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## Chemical kinetics or dynamics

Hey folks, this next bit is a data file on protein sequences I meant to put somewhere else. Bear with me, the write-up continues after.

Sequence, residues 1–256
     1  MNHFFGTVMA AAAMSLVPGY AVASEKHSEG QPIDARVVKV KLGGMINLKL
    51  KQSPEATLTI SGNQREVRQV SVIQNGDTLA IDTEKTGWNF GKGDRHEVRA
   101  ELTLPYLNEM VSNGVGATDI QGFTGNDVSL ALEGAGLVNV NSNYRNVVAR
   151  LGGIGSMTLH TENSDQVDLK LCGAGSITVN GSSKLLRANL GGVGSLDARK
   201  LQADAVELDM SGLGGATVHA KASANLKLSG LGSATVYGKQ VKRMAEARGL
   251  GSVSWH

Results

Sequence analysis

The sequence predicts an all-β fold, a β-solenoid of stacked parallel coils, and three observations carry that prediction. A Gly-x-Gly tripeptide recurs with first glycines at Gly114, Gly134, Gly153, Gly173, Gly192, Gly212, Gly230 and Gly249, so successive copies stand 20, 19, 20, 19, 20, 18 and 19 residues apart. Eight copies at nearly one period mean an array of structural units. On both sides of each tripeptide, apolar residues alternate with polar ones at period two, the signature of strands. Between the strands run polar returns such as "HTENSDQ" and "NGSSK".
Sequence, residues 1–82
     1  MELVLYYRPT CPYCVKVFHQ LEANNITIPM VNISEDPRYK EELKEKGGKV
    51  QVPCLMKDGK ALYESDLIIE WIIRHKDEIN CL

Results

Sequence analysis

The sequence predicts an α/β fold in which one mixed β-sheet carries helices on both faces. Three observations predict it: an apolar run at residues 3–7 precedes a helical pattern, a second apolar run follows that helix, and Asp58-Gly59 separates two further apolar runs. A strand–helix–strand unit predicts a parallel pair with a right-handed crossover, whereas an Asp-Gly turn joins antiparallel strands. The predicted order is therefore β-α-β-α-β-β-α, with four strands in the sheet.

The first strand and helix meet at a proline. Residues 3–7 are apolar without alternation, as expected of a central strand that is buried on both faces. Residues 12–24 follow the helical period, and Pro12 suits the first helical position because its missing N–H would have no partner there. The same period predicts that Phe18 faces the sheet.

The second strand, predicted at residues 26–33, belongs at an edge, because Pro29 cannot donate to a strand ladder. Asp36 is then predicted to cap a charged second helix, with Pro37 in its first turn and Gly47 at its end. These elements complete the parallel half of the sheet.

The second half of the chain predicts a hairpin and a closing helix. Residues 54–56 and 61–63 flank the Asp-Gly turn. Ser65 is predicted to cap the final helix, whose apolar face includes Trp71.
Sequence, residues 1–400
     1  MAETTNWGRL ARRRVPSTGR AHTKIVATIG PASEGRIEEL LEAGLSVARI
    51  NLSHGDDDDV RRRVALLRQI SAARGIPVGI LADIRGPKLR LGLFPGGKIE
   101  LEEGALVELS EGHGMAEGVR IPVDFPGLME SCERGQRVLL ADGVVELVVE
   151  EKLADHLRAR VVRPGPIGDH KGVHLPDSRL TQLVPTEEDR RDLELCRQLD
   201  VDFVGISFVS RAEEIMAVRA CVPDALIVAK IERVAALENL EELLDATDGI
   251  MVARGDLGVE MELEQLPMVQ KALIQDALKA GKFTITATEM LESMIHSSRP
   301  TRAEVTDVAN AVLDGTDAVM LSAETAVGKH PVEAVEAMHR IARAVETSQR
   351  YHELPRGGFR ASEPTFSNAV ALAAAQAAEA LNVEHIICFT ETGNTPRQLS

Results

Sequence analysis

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**Chemical kinetics or dynamics**3 lectures leading to one exam question • Texts: “Elements of Physical Chemistry” Atkins& de Paula • Specialist text in Hardiman Library • “Reaction Kinetics” by Pilling & Seakins, 1995 These notes available On NUI Galway web pages athttp://www.nuigalway.ie/chem/degrees.htm What is kinetics all about?**Academic? Ozone chemistry**• Ozone; natural formation (l» 185-240 nm) • O2+ hu ® 2O • O + O2® O3 • Ozone; natural destruction (l» 280-320 nm) Thomas Midgely • O3+ hu ® O + O21922 TEL; 1930 CFCs • O + O3® 2O2 • ‘Man-made’ CCl2F2 + hu ® Cl + CClF2 • Cl + O3® Cl¾O + O2 • Cl¾O+ O® Cl + O2 • ----------------------------- • Net result is:O + O3® 2 O2 • 1995 Nobel for chemistry: Crutzen, Molina & Rowland • 1996 CFCs phased out by Montreal protocol of 1987**Thermodynamics**Direction of change Kinetics Rate of change Key variable: time What times? 1018 s age of universe 10-15 s atomic nuclei 108 to 10-14 s Ideal theory of kinetics? structure, energy calculate fate Now? compute rates of elementary reactions most rxns not elementary reduce observed rxn. to series of elementary rxns. Chemical kinetics**Thermodynamics vs kinetics**Kinetics determines the rate at which change occurs**Rate of reaction {symbol: R, v, ..}**Stoichiometric equation • m A + n B = p X + q Y • Rate = - (1/m) d[A]/dt • = -(1/n) d[B]/dt • = + (1/p) d[X]/dt • = + (1/q) d[Y]/dt • Units: (concentration/time) • in SI mol/m3/s, more practically mol dm–3 s–1**Rate Law**• How does the rate depend upon [ ]s? • Find out by experiment The Rate Law equation • R = kn [A]a [B]b … (for many reactions) • order, n =a + b + … (dimensionless) • rate constant, kn (units depend on n) • Rate = kn when each [conc] = unity**Experimental rate laws?**CO + Cl2® COCl2 • Rate = k [CO][Cl2]1/2 • Order = 1.5 or one-and-a-half order H2 + I2® 2HI • Rate = k [H2][I2] • Order = 2 or second order H2 + Br2® 2HBr • Rate = k [H2][Br2] / (1 + k’ {[HBr]/[Br2]} ) • Order = undefined or none**Determining the Rate Law**• Integration • Trial & error approach • Not suitable for multi-reactant systems • Most accurate • Initial rates • Best for multi-reactant reactions • Lower accuracy • Flooding or Isolation • Composite technique • Uses integration or initial rates methods**Integration of rate laws**• Order of reaction For a reaction aA products, the rate law is: rate of change in the concentration of A**First-order reaction**A plot of ln[A] versus t gives a straight line of slope -kA if r = kA[A]1**Half life: first-order reaction**• The time taken for [A] to drop to half its original value is called the reaction’s half-life, t1/2. Setting [A] = ½[A]0and t = t1/2 in:**When is a reaction over?**• [A] = [A]0 exp{-kt} Technically[A]=0only after infinite time**Second-order reaction**A plot of 1/[A] versus t gives a straight line of slope kA if r = kA[A]2**Initial Rate Method**5 Br- + BrO3- + 6 H+® 3 Br2 + 3 H2O General example: A + B +… ® P + Q + … • Rate law: rate = k [A]a [B]b …?? log R0 = a log[A]0 + (log k+ b log[B]0 +…) y = mx + c • Do series of expts. in which all [B]0, etc are constant and only [A]0 is varied; measure R0 • Plot log R0 (Y-axis) versus log [A]0 (X-axis) • SlopeÞ a**Example: R0 = k [NO]a[H2]b**2 NO + 2 H2® N2 + 2 H2O • Expt. [NO]0 [H2]0 R0 • 1 25 10 2.4´10-3 • 2 25 5 1.2´10-3 • 3 12.5 10 0.6´10-3 Deduce orders wrt NO and H2 and calculate k. • Compare experiments #1 and #2 Þ b • Compare experiments #1 and #3 Þ a Now, solve for k from k = R0 / ([NO]a[H2]b)**How to measure initial rate?**• Key:- (d[A]/dt)» -(d[A]/dt)» (d[P]/dt) A + B + … ® P + Q + … t=0 100 100 ® 0 0 mol m-3 10 s 99 99 ® 1 1 ditto • Rate? - (100-99)/10 = -0.10 mol m-3 s-1 +(0-1)/10 = -0.10 mol m-3 s-1 • Conclusion? Use product analysis for best accuracy.**Isolation / flooding**IO3- + 8 I- + 6 H+® 3 I3- + 3 H2O • Rate = k [IO3-]a [I-]b [H+]g… • Add excess iodate to reaction mix • Hence [IO3-] is effectively constant • Rate = k¢ [I-]b [H+]g… • Add excess acid • Therefore [H+] is effectively constant • Rate » k²[I-]a • Use integral or initial rate methods as desired**Rate law for elementary reaction**• Law of Mass Action applies: • rate of rxnµproduct of active masses of reactants • “active mass” molar concentration raised to power of number of species • Examples: • A ® P + Q rate = k1 [A]1 • A + B ® C + D rate = k2 [A]1 [B]1 • 2A + B ® E + F + G rate = k3 [A]2 [B]1**Molecularity of elementary reactions?**• Unimolecular (decay) A ® P - (d[A]/dt) = k1 [A] • Bimolecular (collision) A + B ® P - (d[A]/dt) = k2 [A] [B] • Termolecular (collision) A + B + C ® P - (d[A]/dt) = k3 [A] [B] [C] • No other are feasible! Statistically highly unlikely.**Exptal rate law: - (d[CO]/dt) = k [CO] [Cl2]1/2**Conclusion?: reaction does not proceed as written “Elementary” reactions; rxns. that proceed as written at the molecular level. Cl2®Cl + Cl(1) Cl + CO®COCl (2) COCl + Cl2®COCl2 + Cl(3) Cl + Cl®Cl2 (4) Steps 1 thru 4 comprise the “mechanism” of the reaction. decay collisional collisional collisional CO + Cl2´COCl2**- (d[CO]/dt) = k2 [Cl] [CO]**If steps 2 & 3 are slow in comparison to 1 & 4 then,Cl2⇌2Cl or K = [Cl]2 / [Cl2] So [Cl] = ÖK × [Cl2]1/2 Hence: • -(d[CO] / dt)= k2 × ÖK × [CO][Cl2]1/2 Predict that: observedk = k2 × ÖK • Therefore mechanism confirmed (?)**H2 + I2® 2 HI**• Predict: + (1/2) (d[HI]/dt) = k [H2] [I2] • But if via: • I2® 2 I • I + I + H2® 2 HI rate = k2 [I]2 [H2] • I + I ® I2 Assume, as before, that 1 & 3 are fast cf. to 2 Then: I2 ⇌2 I or K = [I]2 / [I2] • Rate =k2 [I]2 [H2] = k2 K [I2] [H2] (identical) Check? I2 + hn® 2 I (light of 578 nm)**Problem**• In the decomposition of azomethane, A, at a pressure of 21.8 kPa & a temperature of 576 K the following concentrations were recorded as a function of time, t: Time, t /mins 0 30 60 90 120 [A] / mmol dm-3 8.70 6.52 4.89 3.67 2.75 • Show that the reaction is 1st order in azomethane & determine the rate constant at this temperature.**Recognise that this is a rate law question dealing with the**integral method. - (d[A]/dt) = k [A]? = k [A]1 Re-arrange & integrate (bookwork) • Test: ln [A] = - k t + ln [A]0 Complete table: Time, t /mins 0 30 60 90 120 ln [A] 2.16 1.88 1.59 1.30 1.01 • Plot ln [A] along y-axis; t along x-axis • Is it linear? Yes. Conclusion follows. Calc. slope as: -0.00959 so k = + 9.6´10-3 min-1**More recent questions …**• Write down the rate of rxn for the rxn: C3H8 + 5 O2 = 3 CO2 + 4 H2O • for both products & reactants [8 marks] For a 2nd order rxn the rate law can be written: - (d[A]/dt) = k [A]2 What are the units of k ? [5 marks] • Why is the elementary rxn NO2 + NO2 N2O4 referred to as a bimolecular rxn? [3 marks]